What about this one?The new technologies will bring‘every individual… intoimmediate and effortlesscommunication with everyother’, ‘practically obliterate’political geography, and makefree trade universal. Thanks totechnological advance, ‘there[are] no longer any foreigners,’and we can look forward to ‘thegradual adoption of a commonlanguage.’
Moral Panics“Furedi suggests thatmoral panics have atendency to occur ‘attimes when societyhas not been able toadapt to dramaticchanges’ and whensuch change leadsthose concerned toexpress fear overwhat they see as aloss of control.”http://www.aber.ac.uk/media/Students/lcs9603.htmlImage Credit: Stockfresh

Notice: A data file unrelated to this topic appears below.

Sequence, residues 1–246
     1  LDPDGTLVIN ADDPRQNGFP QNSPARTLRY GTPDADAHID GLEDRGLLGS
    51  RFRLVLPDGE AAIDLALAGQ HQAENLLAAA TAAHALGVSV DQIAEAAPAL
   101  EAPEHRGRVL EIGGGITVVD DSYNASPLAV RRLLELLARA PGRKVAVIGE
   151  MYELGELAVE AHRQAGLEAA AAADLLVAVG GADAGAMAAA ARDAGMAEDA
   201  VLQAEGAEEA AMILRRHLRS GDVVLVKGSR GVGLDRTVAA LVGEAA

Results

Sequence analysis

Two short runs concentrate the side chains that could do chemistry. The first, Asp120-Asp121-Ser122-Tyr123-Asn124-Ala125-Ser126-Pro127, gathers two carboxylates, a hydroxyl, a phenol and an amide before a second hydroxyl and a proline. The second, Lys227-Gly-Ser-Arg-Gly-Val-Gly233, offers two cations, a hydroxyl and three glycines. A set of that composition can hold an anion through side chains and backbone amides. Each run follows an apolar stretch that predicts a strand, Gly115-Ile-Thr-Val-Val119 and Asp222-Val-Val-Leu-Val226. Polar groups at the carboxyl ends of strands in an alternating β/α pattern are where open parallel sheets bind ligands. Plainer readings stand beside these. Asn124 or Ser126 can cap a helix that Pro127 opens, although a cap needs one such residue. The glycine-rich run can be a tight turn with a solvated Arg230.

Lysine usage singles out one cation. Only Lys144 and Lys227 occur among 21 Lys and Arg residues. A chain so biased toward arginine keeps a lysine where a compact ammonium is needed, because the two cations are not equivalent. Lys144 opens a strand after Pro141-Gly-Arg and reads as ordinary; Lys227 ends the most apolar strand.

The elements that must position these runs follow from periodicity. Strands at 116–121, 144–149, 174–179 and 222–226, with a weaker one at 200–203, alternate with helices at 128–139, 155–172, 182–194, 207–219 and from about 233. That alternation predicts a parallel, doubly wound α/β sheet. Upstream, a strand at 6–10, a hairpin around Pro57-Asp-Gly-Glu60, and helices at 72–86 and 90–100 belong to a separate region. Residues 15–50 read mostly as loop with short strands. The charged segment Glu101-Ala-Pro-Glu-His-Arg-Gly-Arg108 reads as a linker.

Right back to Socrates…This discovery of yours will createforgetfulness in the learners souls,because they will not use theirmemories; they will trust to the externalwritten characters and not remember ofthemselves…you give your disciples nottruth, but only the semblance of truth;they will be hearers of many things andwill have learned nothing. (Phaedrus,Benjamin Jowett trans.)http://bigthink.coImage Credit: Wikipedia